Being a member of the Ku Klux Klan in 2015 is a clearly despicable act, one that is roundly condemned in today's society. But being a member of the KKK was not, in Saunders' time, a reviled act. The KKK is remembered as a violent terror organization, and members unquestionably used terrorist tactics to pursue their interests, but it also represented a political point of view, which aimed to return political power to the white gentry that controlled the state before the Civil War. The struggle for political power pitched the former aristocracy against newly franchised blacks and poor whites. The bitter taste of an occupying army during Reconstruction also fueled resentment against the change in political winds. So to 19th century minds, the relationship between these competing groups might be described by a 21st century term: "It's complicated."

The 19th century context of Saunders' life should caution today's North Carolinians against being too quick to judge. Saunders is credited with performing essential work in collecting and cataloging colonial records of the state. But that's not the main reason for not removing his name from a building.

The main reason is that historical characters should not be judged by contemporary standards. By today's standards, every 19th century American was racist is some ways. Abraham Lincoln, the Great Emancipator, approved of the idea of sending freed slaves back to Africa. Most wealthy men in the South (and many in the North) owned slaves. The notion of racial superiority was widespread, if not universal among Americans and Europeans of the time.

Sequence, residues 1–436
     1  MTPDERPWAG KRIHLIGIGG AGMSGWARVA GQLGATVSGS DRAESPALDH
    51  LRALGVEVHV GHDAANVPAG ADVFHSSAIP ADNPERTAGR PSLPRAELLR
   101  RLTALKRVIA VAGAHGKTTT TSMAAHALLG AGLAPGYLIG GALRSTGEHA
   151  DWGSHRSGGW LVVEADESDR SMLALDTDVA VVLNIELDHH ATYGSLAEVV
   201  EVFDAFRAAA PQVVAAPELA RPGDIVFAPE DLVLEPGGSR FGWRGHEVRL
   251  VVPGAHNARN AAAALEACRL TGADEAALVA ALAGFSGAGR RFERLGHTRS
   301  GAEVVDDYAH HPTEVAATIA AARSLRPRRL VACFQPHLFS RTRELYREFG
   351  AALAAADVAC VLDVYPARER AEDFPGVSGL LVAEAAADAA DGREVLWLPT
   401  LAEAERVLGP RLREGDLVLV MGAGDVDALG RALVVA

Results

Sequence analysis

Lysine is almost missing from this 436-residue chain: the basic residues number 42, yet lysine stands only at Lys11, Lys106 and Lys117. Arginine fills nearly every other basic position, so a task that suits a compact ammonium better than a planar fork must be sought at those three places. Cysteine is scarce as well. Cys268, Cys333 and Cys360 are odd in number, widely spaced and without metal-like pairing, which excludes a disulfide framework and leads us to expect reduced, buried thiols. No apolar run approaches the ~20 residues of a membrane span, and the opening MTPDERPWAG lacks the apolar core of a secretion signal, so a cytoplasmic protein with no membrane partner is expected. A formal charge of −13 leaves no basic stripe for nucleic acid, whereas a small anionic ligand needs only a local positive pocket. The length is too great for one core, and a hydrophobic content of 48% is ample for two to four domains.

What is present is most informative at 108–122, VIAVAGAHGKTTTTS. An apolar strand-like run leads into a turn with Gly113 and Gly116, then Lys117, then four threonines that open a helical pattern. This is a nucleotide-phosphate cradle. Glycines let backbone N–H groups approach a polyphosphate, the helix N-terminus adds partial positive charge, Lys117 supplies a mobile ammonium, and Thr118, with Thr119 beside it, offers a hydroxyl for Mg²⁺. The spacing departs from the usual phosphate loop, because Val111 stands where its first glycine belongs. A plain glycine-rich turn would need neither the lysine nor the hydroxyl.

And let's not even get into the rampant sexism of the 19th century.

Charles B. Aycock, once lauded as North Carolina's Education Governor, has been shamed by having his name removed from schools and college buildings because Aycock helped bring about the disenfranchisement of black voters and the return of Democratic (i.e., white) rule. Despite the embarrassment about Aycock's 19th century beliefs, his positive impact on North Carolina's public schools is unquestionable. To make him a historical non-person is shameful.

Where might this sanitizing of history and the triumph of our 21st century sensibilities lead? We should certainly change the names of the Washington Monument and the Jefferson Memorial. Both were slave owners. Also change the name of Washington, D.C., Washington, N.C., and the state of Washington.